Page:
LONDON (NYTIMES) - Wading into an escalating diplomatic feud, the European Union warned Turkey on Monday (March 13) that a constitutional amendment to drastically strengthen the president's powers might harm the country's long-standing bid to eventually join the bloc.
EU officials also urged Turkey to avoid inflammatory rhetoric like the recent declarations by President Recep Tayyip Erdogan, who said that Germany and the Netherlands had demonstrated Nazi-like behaviour in blocking Turkish officials from campaigning in those countries.
Membership talks with Turkey have been moribund, but the prospect of Turkey's eventually joining the European Union has also long been dangled as an enticement to closer ties.
The warning, delivered in a statement by two officials of the European Commission, the EU's executive arm, was the bloc's strongest collective response yet to a sustained verbal assault from Turkey.
The comments have infuriated officials in Germany and the Netherlands, where Turkish migrants and their families make up a sizable minority.
"It is essential to avoid further escalation and find ways to calm down the situation," said the statement by officials Federica Mogherini of Italy, the bloc's foreign policy chief, and Johannes Hahn of Austria, the European commissioner for negotiations on expanding membership in the 28-nation bloc.
"The European Union calls on Turkey to refrain from excessive statements and actions that risk further exacerbating the situation."
Also on Monday, the Venice Commission, which advises European leaders and studies democracy under the rule of law, issued a report that said the referendum risked giving an excessive concentration of power to the presidency, harming checks and balances and judicial independence. The report also expressed concern that the change would take place during a state of emergency that was declared after a failed coup attempt against Erdogan in July.
On March 5, Erdogan accused Germany of engaging in Nazi-like behaviour after the government of Chancellor Angela Merkel, citing security concerns, cancelled rallies at which Turkish government ministers had planned to urge Turkish voters living in Germany to vote yes in the April 16 referendum.
The remarks infuriated officials in Germany, where awareness of the crimes of the Nazi state is enshrined in school curriculums and public commemorations.
On Sunday, Erdogan said that "Nazi remnants" were in the Dutch government, after it refused to allow two of his ministers to hold rallies in the Netherlands.
His inflammatory comments came at an acute time: Voters go to the polls in the Netherlands on Wednesday to elect a new Parliament, and the Freedom Party led by far-right, anti-immigration politician Geert Wilders is expected to make a strong showing, possibly coming in first place.
Erdogan's fiery remarks continued to ripple through European politics on Monday.
At an economic meeting in Munich, Merkel said she had told Parliament last week that she "rejected all kinds of rhetorical comparisons with Nazism in Germany made by Turkish personalities."
"This rejection also fully applies, of course, to friendly countries such as the Netherlands," she said, adding that "these comparisons are completely misleading" and "trivialize the sufferings" of the victims of Nazism.
"Especially with respect to the Netherlands, which suffered under National Socialism, that is completely unacceptable," Merkel said. "And that is why the Netherlands has my full support and solidarity."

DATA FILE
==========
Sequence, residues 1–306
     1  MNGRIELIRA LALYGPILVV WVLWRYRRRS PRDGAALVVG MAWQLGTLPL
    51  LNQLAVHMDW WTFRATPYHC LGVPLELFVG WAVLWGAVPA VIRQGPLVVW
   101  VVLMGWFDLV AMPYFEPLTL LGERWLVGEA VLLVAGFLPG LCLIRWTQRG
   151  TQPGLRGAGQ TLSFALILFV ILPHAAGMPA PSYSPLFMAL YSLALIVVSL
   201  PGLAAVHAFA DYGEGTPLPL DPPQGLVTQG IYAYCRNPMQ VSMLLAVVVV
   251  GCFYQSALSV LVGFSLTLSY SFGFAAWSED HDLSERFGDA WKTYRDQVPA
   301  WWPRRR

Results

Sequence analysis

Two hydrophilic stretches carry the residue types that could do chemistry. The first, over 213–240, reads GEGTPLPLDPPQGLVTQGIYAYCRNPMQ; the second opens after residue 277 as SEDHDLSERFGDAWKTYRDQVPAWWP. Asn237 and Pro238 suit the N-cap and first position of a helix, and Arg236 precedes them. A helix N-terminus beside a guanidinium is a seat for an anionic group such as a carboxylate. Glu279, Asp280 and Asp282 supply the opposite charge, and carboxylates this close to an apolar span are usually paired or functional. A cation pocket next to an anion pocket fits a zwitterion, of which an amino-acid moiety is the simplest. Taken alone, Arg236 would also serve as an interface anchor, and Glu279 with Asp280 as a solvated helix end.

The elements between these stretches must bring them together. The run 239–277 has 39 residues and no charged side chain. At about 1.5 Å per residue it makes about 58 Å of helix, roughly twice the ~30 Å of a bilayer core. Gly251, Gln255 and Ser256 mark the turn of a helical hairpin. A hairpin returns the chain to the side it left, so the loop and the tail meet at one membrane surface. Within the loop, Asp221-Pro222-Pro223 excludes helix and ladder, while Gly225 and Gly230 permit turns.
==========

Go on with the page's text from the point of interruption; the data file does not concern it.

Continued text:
Nazi Germany occupied the Netherlands from 1940 until the end of War II in 1945.
At a news conference in Rotterdam, the Netherlands' prime minister, Mark Rutte, said he did not think that Turkey was trying to interfere in his country's elections, but he added that his government would not be intimidated by bluster.
"Turkey is a powerful country, but the Netherlands is also a powerful country," Rutte said.
The government, he said, had been prepared to allow the Turkish foreign minister, Mevlut Cavusoglu, to meet with "a limited group of Turkish people in one of the official Turkish residences," but that while it was being arranged, "we saw on CNN Turk that he was threatening the Netherlands with sanctions."
"We tried to de-escalate the situation," Rutte said, but Cavusoglu complicated matters by citing the Dutch elections as the reason he was denied permission to fly to Rotterdam. "It's very clear that that is not true," Rutte said. "We will still try to de-escalate, but of course to de-escalate, it takes two to tango."
Rutte said he was grateful for expressions of sympathy from Merkel, from EU officials and from the French foreign minister, Jean-Marc Ayrault, among others.
Turkish officials, nonetheless, ramped up their rhetoric on Monday.
Numan Kurtulmus, a deputy prime minister, predicted that the Netherlands would have to apologize to Turkey for blocking Cavusoglu from flying to the country, and for expelling the family affairs minister, Fatma Betul Sayan Kaya, after she had entered by land from Germany. "You will see that, in the end, they will come to the point where they will apologize," Kurtulmus said, without elaborating, according to the Turkish state-run Anadolu News Agency.
He said the treatment of the ministers echoed "footsteps of the far-right, of the neo-fascism and neo-Nazism that has been on the rise in Europe in the past five or six years."
The Turkish Foreign Ministry also said it had summoned the Netherlands' top diplomat in Ankara, the capital, as a formal protest against the treatment of the family affairs minister and what it called a "disproportionate" use of force against protesters at a rally in Rotterdam that ended on Saturday with several arrests after clashes with police.